- Acceptance/Rejection-Like waiting, I hope you can take rejection because it’s almost an inherent part of the process. Sometimes you won’t get a panel idea accepted, sometimes you will. Certain cons are really hard to get things accepted to in general (Otakon, ~%75 rejection rate), while other cons -typically smaller cons- are a little bit easier to get things accepted to, it’s just a fact of con life. Cons judge the viability of an idea by the submission form, (sometimes) previous panel experience, if it fits with the theme of the con, etc., there are a lot of things cons use to decide whether a panel is in or out, some of which can be ascertained simply by looking over the areas of the panel submission form. Save biographical info (name, address, age, etc.), they don’t just put those things on the form for s**ts & giggles, they are using those fields to help them decide one way or the other with your panel. Honestly, sometimes your idea just missed being accepted and may wind up on the wait list. When this happens, it is very well possible that, despite originally receiving a rejection, you may still get that idea pulled in for the venue (like my Yaoi Tropes & Trends panel for AUSA 2012). The point of the matter is to not get too hyped when submitting to any con because that just makes (possible) rejection more difficult to deal with & that you should be prepared for rejection. Doesn’t mean you won’t get anything accepted at a con, just means you need to keep things in perspective; you are not the only one submitting panels, so there is somewhat of a competition between the viability of all these ideas & being at the mercy of the con staff.
- Actually Presenting-You need to be super familiar with your panel topic & comfortable talking about it by the time of the presentation. This is the best way to deal with any potential anxiety or nervousness you may have when presenting which is almost guaranteed if it’s your first panel ever. Knowing your topic through & through + being comfortable with your topic go hand-in-hand as well as is the first line of defense when dealing with “anime experts” at your panel. When you know your material, it’s easy to deal with people asking questions or challenging you on anything mentioned, so it’s a must for when actually presenting. Also, make sure to have something to drink, like water or tea, to keep your mouth moist & to stay hydrated. When you’re talking for any length of time, your mouth will begin to dry out which will make it harder to talk & will cause you to start coughing, so have this! Sometimes cons will provide water coolers in the room for the panelists, but there’s no guarantee there will be any left by the time you present. Typically, con goers will take the coolers as being there for anyone to take advantage of, when it’s really meant for panelists, so it’s better just to BYOW vs. (essentially) relying on ppl. not to be selfish >.> Additionally, there’s no guarantee any will be left simply from other panelists using it & the con staff not refilling it in time for your panel. Always have either a Q & A built into the panel or take questions/comments throughout the panel. You’re bound to have at least one during the course of the panel, especially with info. heavy panels, & you should always leave time for this. There’s a lot more I can say about this, but like all the other points, I will write an article focusing on this solely, because there’s just too much to say about this.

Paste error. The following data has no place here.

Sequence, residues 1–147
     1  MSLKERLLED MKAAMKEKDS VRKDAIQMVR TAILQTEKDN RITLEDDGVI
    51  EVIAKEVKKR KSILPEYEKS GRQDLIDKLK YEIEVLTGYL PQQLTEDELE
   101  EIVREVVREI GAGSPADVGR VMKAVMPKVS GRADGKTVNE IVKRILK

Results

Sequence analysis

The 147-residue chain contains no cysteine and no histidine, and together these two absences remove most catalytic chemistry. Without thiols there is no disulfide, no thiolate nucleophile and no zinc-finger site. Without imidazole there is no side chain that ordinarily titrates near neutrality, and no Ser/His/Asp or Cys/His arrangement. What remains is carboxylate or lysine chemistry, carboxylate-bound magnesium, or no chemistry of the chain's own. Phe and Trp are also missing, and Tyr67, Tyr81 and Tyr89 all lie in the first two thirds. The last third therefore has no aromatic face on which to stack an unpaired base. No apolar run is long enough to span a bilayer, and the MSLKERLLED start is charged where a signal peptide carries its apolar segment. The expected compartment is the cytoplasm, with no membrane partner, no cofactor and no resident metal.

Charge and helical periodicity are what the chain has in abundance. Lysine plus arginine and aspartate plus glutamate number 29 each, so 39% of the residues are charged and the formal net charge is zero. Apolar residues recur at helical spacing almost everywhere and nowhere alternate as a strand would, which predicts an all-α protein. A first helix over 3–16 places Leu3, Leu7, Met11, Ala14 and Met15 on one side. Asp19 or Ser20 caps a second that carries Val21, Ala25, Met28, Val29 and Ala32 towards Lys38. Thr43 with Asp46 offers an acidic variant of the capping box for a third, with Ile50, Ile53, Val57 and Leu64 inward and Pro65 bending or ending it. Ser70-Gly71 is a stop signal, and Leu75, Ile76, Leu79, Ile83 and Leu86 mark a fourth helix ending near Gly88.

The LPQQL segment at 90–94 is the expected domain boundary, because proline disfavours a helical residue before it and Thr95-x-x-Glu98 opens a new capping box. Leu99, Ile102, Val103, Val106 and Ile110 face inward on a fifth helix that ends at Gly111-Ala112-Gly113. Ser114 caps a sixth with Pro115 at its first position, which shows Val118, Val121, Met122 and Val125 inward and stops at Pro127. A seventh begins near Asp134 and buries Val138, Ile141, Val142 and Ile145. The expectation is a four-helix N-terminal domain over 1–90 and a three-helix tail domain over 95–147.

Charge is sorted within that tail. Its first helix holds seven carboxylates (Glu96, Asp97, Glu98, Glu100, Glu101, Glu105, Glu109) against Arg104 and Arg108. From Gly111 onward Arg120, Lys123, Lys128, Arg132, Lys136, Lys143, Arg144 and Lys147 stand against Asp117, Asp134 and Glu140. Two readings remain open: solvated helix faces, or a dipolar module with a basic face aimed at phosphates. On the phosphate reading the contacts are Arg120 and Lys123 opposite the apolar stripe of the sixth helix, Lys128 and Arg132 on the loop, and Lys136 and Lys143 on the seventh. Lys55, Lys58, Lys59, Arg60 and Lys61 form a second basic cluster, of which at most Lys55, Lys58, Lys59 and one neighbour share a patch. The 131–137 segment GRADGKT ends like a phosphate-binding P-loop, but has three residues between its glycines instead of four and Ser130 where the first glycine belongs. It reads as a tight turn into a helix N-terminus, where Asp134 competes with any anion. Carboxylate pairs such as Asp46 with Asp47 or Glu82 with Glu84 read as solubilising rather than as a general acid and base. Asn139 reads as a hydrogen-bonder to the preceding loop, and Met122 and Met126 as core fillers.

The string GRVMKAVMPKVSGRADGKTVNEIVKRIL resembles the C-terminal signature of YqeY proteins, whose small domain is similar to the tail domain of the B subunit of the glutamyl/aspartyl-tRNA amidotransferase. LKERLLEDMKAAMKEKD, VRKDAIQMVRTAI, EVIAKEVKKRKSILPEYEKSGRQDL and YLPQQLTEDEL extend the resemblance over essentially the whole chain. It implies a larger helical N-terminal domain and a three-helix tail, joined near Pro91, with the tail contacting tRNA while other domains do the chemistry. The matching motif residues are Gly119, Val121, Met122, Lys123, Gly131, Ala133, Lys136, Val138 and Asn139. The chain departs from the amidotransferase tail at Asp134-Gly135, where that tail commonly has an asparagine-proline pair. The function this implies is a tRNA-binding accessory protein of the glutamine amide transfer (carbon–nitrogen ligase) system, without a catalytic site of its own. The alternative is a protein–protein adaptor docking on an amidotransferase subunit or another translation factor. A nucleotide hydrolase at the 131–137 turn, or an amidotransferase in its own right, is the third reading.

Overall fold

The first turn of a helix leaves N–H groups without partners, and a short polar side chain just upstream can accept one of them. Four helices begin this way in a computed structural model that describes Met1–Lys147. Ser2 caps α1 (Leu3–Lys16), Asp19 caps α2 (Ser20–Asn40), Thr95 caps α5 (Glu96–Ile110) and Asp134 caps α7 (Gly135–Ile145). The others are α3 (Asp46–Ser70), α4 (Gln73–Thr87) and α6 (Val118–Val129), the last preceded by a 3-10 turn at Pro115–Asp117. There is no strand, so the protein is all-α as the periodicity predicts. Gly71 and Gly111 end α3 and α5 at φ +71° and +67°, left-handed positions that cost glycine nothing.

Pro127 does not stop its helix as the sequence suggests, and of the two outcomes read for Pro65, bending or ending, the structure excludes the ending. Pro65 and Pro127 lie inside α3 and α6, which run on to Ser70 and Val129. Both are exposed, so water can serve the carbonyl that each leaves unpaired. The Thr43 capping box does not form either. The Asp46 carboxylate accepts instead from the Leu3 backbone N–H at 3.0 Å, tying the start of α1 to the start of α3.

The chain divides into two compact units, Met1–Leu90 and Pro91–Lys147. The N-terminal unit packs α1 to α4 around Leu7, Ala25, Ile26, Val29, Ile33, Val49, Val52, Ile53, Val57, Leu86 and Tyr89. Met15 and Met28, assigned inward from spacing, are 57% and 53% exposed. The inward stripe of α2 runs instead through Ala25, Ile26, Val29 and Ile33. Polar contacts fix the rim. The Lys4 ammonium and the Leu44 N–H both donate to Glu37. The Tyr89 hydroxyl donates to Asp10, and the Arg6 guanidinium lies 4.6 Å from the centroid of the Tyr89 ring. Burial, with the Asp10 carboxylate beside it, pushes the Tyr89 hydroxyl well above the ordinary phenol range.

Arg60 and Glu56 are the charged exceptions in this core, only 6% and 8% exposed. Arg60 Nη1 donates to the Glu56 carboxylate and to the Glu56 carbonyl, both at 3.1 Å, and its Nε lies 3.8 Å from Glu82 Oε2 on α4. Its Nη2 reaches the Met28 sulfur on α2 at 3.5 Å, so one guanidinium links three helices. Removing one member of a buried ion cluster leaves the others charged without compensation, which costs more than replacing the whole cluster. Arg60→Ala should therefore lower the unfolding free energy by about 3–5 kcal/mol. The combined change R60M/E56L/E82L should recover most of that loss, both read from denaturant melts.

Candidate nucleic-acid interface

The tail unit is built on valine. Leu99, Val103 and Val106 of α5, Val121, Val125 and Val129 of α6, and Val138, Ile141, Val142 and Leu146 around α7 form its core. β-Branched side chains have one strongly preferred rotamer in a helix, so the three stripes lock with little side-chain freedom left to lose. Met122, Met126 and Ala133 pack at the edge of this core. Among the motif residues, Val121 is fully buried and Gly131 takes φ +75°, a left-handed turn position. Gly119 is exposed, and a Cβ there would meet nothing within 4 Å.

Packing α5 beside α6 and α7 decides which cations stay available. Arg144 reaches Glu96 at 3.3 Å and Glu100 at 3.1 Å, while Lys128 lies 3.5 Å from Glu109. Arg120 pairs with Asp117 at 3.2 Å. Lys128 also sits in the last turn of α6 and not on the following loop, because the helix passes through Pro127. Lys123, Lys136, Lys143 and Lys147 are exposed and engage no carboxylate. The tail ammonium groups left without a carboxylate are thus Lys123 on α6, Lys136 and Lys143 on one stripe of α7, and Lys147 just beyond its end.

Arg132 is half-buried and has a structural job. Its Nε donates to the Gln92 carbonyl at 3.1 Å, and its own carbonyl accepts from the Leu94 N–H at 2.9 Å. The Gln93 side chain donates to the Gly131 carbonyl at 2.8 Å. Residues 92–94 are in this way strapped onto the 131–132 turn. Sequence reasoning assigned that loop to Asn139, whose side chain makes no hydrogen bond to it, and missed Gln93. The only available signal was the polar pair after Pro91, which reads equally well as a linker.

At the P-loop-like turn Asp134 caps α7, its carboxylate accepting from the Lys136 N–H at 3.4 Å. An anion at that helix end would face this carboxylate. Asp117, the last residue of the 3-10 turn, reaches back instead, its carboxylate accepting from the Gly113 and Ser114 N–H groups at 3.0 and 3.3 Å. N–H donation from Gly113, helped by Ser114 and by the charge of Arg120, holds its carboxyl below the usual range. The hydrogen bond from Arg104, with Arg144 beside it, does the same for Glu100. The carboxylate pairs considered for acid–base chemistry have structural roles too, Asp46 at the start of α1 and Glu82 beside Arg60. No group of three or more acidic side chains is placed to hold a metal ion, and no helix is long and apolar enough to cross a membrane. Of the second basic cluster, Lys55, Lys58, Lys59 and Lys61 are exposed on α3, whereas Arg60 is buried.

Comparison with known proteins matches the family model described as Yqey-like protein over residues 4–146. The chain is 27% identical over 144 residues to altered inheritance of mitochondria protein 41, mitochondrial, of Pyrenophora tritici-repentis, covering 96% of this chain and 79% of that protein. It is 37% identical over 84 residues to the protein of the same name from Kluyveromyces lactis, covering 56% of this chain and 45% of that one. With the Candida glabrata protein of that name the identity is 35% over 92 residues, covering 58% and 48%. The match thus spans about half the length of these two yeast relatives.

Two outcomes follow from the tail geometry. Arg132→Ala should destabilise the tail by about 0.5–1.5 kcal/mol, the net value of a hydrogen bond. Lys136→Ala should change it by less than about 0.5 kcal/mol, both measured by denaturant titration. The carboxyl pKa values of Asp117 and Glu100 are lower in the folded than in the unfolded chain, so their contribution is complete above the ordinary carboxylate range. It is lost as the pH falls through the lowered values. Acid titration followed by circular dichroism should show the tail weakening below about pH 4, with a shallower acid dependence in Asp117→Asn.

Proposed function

- Post Con Wrap-Ups-Whether presenting in a group or going solo, take note of things mentioned during your panel by the audience. These things can be invaluable when going over your panel to make changes/tweaking it & can help you improve it for the better. Due to the fact that ‘no one can know everything’ you should always be open & ready to receive comments & such during the panel because you can get some really awesome suggestions. Also, you should be taking note of things (whether literally or mentally) happening in general during your panel so you can better prepare yourself for the next time you present it. If you notice you have a lot of ppl. leaving during the course of your panel, that could be a sign that you need to workshop that idea more; had a lot of questions about one particular thing, then you probably need to focus on that more in the next iteration of that panel; the list goes on. I basically call this “live feedback” where you judge what’s presently happening at your panel to improve it later on, but post con is the time where you implement things learned from your observations to improve your panel for the better.
Again, I’ll write articles focusing on each bullet point later on, but these are some basics for right now. I’ll have another basics article later on that goes over the finer points, but this is a more detailed focus on the actual process.